CCD camera radiographic systems generate an X-ray image when X-rays interact with a fluorescent (light-producing) screen that
is attached to the underside of the X-ray table. The light produced from this interaction is then focused by a lens and captured
by the CCD chip. In essence, the CCD camera photographs the light produced from X-rays interacting with a screen.
CCD chips are relatively small (2.5 x 2.5 cm to 8 x 8 cm). The large demagnification factor needed to reduce the size of the
patient's image to the size of the CCD may result in loss of information, which has limited the quality of CCD-based images
in the past.2,10 Advances in CCD technology, however, have overcome this limitation, and CCD-based machines are now accepted in human radiographic
applications.12-15 The veterinary experience with CCD cameras is more limited than with CR and flat panel DR detectors. CCD radiography is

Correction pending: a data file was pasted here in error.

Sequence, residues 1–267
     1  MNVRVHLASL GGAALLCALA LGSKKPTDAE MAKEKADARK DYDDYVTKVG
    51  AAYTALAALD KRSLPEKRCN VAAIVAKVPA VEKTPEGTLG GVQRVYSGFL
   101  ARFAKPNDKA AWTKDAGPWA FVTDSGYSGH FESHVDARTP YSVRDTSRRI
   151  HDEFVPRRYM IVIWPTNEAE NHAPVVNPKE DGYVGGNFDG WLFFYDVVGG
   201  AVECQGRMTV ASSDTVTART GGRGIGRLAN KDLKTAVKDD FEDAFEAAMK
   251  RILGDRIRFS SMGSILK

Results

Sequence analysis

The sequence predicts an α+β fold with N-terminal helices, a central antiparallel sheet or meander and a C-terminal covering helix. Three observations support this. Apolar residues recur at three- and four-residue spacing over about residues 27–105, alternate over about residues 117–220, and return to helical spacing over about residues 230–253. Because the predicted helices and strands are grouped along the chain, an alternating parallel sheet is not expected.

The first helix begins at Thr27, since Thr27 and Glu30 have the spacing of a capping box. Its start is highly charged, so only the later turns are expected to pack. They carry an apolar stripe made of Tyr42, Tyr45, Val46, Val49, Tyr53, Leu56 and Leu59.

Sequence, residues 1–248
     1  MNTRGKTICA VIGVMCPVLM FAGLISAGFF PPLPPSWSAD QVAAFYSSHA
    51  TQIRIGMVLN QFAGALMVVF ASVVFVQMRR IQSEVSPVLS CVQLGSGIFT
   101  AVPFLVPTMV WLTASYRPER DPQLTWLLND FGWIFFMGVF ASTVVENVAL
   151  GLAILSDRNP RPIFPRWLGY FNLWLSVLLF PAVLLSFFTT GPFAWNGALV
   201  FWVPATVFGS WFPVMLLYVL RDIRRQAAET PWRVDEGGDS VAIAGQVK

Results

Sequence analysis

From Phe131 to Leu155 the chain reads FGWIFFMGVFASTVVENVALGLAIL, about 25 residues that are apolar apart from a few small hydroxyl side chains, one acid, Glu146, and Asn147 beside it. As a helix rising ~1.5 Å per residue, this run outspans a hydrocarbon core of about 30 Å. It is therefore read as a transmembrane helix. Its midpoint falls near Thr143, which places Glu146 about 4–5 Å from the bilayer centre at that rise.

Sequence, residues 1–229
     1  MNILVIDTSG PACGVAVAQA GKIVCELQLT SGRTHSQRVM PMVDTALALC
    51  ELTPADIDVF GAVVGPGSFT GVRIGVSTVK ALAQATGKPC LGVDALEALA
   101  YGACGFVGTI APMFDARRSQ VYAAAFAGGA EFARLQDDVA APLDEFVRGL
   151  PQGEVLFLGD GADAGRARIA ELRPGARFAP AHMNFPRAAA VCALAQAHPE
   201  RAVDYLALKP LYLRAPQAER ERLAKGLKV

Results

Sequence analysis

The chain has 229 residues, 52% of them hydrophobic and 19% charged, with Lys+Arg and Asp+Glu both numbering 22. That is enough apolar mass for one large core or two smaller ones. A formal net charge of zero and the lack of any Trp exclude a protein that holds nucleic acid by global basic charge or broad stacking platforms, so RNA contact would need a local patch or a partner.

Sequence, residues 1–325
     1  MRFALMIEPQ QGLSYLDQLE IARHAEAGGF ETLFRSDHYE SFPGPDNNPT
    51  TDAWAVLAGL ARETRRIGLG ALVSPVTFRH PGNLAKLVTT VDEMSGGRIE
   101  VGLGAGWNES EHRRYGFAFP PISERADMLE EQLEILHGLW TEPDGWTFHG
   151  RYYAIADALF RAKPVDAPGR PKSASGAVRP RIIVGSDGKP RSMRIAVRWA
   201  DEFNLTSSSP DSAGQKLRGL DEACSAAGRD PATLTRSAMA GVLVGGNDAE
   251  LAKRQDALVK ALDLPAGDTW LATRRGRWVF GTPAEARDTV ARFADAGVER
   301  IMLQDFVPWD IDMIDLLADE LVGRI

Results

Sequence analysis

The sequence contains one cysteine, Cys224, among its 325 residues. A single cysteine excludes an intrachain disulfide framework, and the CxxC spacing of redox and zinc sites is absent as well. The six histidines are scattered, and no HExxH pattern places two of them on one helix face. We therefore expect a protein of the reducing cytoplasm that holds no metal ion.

used extensively in human and veterinary dental radiography because of the small field of view.
Both CR and DR systems create a set of raw data that will be used to produce a diagnostic radiographic image. Each vendor
has a different method of image processing that may involve several steps that vary in complexity and involve mathematical
manipulations of the raw data. Although there are marked technical differences among various vendors' radiographic systems,
differences in image quality stem mainly from a system's ability to effectively process the image and not necessarily from
the type of equipment used to obtain the image. CR is a relatively inexpensive system of digital radiography that shares a
similar workflow with film-based radiography. DR technologies enable veterinarians to generate radiographic images within
seconds of acquisition.
Sarah M. Puchalski, DVM, DACVR
Department of Surgical and Radiological Sciences
School of Veterinary Medicine
University of California
Davis, CA 95616
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